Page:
Joe feels that F1 needs to keep things simple. Chase Carey, the new Formula One CEO, tends to agree.
It’s a truth, universally acknowledged, that Formula 1 fans will always find something to complain about. The cars are too fast, too slow, too noisy, not noisy enough, etc. The drivers are in the media too much, or there’s not enough access, the numbers are not big enough, there are too many races, too few races, and so on.
The only thing they agree about is that the television coverage should be free. But in the modern age, it’s difficult to see how it can be free – given the financial models available. It can, however, certainly be cheaper, more flexible and a whole lot better.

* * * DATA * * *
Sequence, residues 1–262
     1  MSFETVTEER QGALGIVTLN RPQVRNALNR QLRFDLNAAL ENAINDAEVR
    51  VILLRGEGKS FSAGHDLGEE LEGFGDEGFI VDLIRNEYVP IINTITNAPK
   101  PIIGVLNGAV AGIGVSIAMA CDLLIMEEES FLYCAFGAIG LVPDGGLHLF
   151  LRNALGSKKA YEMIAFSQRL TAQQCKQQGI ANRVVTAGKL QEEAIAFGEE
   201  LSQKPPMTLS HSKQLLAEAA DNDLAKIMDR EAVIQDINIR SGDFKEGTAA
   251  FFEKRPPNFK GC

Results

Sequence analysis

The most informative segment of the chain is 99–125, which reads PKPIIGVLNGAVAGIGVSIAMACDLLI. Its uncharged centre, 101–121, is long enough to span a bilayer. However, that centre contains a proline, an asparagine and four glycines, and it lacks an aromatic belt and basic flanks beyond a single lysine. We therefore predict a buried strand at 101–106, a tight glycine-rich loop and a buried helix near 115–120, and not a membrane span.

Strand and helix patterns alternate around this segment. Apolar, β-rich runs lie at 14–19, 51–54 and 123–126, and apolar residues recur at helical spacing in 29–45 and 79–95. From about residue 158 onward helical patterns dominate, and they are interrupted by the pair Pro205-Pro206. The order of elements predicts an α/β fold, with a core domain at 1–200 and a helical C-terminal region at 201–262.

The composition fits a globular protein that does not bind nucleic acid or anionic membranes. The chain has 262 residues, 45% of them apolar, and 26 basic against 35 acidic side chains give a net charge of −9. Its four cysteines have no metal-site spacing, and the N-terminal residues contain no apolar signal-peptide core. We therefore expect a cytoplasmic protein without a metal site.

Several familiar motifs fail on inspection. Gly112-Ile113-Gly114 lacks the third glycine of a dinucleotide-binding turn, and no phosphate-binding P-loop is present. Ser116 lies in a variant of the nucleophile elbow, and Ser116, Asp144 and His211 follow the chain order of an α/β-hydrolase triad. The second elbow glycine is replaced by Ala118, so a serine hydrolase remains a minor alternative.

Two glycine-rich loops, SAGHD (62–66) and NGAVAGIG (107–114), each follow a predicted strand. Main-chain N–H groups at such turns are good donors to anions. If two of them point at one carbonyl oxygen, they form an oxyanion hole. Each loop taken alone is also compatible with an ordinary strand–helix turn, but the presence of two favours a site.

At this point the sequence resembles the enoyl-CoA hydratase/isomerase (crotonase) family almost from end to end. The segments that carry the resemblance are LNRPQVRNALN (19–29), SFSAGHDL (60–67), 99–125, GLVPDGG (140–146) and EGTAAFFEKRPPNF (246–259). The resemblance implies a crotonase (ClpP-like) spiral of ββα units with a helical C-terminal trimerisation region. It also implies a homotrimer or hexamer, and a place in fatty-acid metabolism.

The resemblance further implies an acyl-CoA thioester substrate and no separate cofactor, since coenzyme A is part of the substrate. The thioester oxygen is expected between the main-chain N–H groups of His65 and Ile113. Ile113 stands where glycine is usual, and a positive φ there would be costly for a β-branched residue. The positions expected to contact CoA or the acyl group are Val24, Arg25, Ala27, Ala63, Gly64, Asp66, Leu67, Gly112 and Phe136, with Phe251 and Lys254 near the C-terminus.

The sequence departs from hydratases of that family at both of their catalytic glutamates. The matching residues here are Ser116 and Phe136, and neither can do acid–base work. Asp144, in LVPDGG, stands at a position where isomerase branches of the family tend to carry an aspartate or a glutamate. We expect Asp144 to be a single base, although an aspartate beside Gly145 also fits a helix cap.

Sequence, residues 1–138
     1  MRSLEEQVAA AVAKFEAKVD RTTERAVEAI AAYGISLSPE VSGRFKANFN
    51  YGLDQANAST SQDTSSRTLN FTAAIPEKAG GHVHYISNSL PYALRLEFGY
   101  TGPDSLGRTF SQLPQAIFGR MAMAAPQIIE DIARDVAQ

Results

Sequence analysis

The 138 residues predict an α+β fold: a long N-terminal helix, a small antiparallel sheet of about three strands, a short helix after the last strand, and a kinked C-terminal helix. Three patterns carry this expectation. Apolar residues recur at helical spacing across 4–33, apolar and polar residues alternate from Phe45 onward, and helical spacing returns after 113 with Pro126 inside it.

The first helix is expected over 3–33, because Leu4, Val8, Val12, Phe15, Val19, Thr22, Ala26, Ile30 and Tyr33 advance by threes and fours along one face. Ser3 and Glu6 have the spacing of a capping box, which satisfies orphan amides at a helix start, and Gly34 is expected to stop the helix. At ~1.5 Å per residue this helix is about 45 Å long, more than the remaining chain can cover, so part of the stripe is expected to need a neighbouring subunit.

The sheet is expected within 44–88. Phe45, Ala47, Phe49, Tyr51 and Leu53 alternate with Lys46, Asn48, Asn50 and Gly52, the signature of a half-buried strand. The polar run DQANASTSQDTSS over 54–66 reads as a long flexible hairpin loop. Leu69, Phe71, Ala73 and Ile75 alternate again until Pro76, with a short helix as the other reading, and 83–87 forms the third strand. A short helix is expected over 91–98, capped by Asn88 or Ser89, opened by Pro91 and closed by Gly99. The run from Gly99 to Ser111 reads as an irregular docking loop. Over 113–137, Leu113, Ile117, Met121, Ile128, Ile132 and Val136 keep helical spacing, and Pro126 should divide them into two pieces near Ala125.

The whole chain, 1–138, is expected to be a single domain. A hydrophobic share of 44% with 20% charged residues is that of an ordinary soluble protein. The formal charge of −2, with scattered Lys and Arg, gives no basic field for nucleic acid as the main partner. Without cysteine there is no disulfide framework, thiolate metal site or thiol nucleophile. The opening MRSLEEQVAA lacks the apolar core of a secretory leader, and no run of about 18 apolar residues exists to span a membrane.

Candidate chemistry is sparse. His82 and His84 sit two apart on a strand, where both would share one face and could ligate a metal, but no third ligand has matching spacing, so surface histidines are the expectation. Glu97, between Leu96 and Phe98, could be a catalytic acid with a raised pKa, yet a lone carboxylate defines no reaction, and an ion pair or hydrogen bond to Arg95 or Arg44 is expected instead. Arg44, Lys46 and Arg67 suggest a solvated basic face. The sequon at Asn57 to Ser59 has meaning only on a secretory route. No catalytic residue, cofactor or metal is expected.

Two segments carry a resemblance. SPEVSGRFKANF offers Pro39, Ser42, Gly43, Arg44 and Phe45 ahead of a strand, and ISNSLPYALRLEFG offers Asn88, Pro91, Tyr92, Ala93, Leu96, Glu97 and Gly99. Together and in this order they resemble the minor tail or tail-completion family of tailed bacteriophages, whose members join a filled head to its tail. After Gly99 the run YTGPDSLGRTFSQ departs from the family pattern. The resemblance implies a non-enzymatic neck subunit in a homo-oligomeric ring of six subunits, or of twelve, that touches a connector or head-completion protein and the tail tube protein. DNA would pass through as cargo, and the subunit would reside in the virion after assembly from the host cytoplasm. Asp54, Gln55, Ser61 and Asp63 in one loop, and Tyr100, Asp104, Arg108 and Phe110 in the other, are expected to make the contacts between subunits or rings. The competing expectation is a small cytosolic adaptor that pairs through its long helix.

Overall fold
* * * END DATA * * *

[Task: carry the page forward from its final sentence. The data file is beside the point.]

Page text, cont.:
The sport always has things that can be done better, and the new Formula One CEO Chase Carey says as much. He wants to improve the whole circus – make the show bigger and better – and, of course, make more money in the process. Making things less confusing for the fans is, of course, a primary focus. If something takes more than a minute to explain, it’s too complicated. The technical rules will probably be changed a little once we see how the new cars operate in 2017 – tweaks and subtle changes are a whole lot better than dramatic changes, which are both expensive and tend to favour the teams with the most resources. Changing the rules makes the racing worse, not better, while leaving the same rules in place always results in the competitors getting closer to one another. We should not be surprised to see Mercedes emerge with an even bigger advantage this year because of this. We don’t know for certain, of course, but that would be in line with previous regulation changes. One hopes that Red Bull will be close, and, despite worrying noises from Italy, Ferrari really ought to be better off than last year.